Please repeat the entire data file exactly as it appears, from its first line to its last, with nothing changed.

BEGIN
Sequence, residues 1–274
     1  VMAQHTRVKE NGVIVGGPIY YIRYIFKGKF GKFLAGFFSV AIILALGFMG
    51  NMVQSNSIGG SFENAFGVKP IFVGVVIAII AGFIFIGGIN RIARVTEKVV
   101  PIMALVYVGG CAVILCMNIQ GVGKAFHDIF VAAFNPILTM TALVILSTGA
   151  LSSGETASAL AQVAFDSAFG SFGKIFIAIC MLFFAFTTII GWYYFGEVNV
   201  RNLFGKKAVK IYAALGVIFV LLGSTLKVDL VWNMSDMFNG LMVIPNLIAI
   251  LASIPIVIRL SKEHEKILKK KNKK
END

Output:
Sequence, residues 1–274
     1  VMAQHTRVKE NGVIVGGPIY YIRYIFKGKF GKFLAGFFSV AIILALGFMG
    51  NMVQSNSIGG SFENAFGVKP IFVGVVIAII AGFIFIGGIN RIARVTEKVV
   101  PIMALVYVGG CAVILCMNIQ GVGKAFHDIF VAAFNPILTM TALVILSTGA
   151  LSSGETASAL AQVAFDSAFG SFGKIFIAIC MLFFAFTTII GWYYFGEVNV
   201  RNLFGKKAVK IYAALGVIFV LLGSTLKVDL VWNMSDMFNG LMVIPNLIAI
   251  LASIPIVIRL SKEHEKILKK KNKK